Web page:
Late tomato blight

(Question)

From having read one of your questions concerning late tomato blight, I believe that is what I have. I have planted about 200 plants for the last 40 years and have never had this before. Can you please tell me what I can do next year to prevent this…thank you so much.
The blight forms in blotches about the size of a quarter on the tomato. Eventually the whole tomato is consumed by the blight and eventual rot. Usually blight wrecks the plant but not the tomato. This blight destroys everything.
Thank you so much for your help. I really appreciate it.

(Answer)

It is terribly disheartening when this happens after nursing the plants through the whole summer.

Blight spores thrive in periods of wet weather and high humidity, and there is really nothing you can do once it has taken hold.  One of the best ways to control blight is to ensure that you thoroughly remove and destroy all affected plant matter, as well as other plants that you grow in your garden that are of the “deadly nightshade” family.(e.g. Petunias or Nicotiana ) as bits of these plants left in the soil can overwinter the spores.

Unfortunately there are mixed reviews about blight resistant tomato varieties.  One idea might be to grow early ripening varieties as they will ripen before late blight sets in.

The government of BC has a very good website (I have included the link at the bottom of this message) but here are some of their suggestions:

  1. Grow plants in a warm, dry, sunny area. If you have had blight previously, move to a different area if possible, or replace the upper soil layer since “oospores” will carryover in soil.
  2. Water only underneath the plants, not the foliage. Drip irrigation is preferable to watering with a hose, to reduce water splash. Don’t over fertilize or over water.
  3. Grow on a light sandy soil if possible or cover soil with a white plastic mulch to increase soil and air temperatures around the plants and reduce humidity.
  4. Growing plants under an overhang or a clear plastic shelter will help prevent spores from being deposited on plants by wind and rain. But plants must be covered before infection has occurred. Covering the plants after they are infected may raise humidity and make the disease worse.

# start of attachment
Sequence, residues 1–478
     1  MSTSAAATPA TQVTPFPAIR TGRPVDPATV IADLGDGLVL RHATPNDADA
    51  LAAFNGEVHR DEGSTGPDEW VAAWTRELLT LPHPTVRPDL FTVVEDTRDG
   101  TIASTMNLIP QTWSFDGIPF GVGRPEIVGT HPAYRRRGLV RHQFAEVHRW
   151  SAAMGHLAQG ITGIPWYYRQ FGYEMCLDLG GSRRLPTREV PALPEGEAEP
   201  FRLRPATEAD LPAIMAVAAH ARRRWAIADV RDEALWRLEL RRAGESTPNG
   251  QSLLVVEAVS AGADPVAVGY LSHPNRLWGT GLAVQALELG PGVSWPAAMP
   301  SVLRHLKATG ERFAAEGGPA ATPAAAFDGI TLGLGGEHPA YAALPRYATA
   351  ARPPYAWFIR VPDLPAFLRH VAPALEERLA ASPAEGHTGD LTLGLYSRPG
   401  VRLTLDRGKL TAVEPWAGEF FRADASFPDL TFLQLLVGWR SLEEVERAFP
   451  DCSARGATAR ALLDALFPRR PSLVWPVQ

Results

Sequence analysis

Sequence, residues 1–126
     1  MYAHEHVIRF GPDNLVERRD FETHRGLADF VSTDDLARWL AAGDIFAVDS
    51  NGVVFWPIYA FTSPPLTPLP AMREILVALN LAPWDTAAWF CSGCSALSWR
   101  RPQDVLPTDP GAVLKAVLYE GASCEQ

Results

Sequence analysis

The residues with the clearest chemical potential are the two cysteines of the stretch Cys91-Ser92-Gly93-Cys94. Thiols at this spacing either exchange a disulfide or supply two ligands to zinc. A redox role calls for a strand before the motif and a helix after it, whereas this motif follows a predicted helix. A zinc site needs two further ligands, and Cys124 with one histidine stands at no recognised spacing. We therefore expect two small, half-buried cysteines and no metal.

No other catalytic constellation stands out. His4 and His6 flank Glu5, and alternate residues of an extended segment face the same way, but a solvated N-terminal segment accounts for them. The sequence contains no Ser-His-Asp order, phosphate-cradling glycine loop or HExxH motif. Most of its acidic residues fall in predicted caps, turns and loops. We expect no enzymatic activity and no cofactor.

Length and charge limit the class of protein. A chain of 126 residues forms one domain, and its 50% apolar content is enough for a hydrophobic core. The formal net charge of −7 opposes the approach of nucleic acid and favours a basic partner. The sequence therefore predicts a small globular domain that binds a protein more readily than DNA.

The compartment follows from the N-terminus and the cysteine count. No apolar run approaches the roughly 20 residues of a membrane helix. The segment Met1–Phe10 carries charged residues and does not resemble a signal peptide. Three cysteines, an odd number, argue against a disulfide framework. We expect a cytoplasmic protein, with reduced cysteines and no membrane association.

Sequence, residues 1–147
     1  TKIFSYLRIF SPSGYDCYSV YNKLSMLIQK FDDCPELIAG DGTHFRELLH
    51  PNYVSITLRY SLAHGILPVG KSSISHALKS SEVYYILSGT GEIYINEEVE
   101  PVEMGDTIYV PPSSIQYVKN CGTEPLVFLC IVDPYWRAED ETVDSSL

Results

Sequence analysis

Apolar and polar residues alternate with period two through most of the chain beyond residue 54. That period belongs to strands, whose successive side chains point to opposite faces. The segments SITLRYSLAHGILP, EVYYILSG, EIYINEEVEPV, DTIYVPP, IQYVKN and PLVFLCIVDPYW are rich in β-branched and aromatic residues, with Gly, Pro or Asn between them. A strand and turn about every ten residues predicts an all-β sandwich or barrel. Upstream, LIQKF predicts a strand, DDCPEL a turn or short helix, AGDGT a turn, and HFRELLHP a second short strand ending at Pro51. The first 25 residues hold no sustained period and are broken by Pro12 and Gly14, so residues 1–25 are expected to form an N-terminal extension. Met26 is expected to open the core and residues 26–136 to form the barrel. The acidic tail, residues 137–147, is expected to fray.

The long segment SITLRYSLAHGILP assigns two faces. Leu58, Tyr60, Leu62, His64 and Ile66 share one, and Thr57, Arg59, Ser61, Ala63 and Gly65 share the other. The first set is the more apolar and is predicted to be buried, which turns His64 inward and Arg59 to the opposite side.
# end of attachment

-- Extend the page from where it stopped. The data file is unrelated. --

5. Grow the tomatoes on raised beds with well-spaced trellises or in containers off the ground. Tomatoes grown on balconies or roof-tops rarely develop late blight, probably because the environment is warmer and drier.
  6. Remove all of last year’s tomato or potato debris to prevent carryover of disease.
  7. Remove diseased leaves, shoots and plants that are severely diseased, immediately. Bury them, or seal them in a plastic bag and take to a landfill. Do not compost diseased plants. If “oospores” are present, they will survive in compost.
  8. Destroy any volunteer potato or tomato plants in the garden.
  9. Destroy any nightshade weeds in and near the garden. Nightshade is related to tomato and potato and is also a good host for late blight.
  10. Apply copper sprays or other home garden fungicides recommended for late blight at least once a week when weather is favourable for disease. READ THE LABEL. Copper, which is accepted by most organic producers, should be applied for prevention more than cure, that is, before the disease has become established.
  11. Gardeners who are unable or choose not to follow a regular fungicide spray program for late blight are strongly urged to destroy (bag or bury) all infected tomato or potato garden plants or plant parts as soon as the disease is observed. If in doubt whether it is late blight, take a sample to a local garden centre or Master Gardener for identification.

Good luck with your tomatoes in the future!

https://www.agf.gov.bc.ca/cropprot/lateblighthg.htm

For more in depth information on tomato blights and other diseases, this may also be of interest:

https://vegetablemdonline.ppath.cornell.edu/cropindex.htm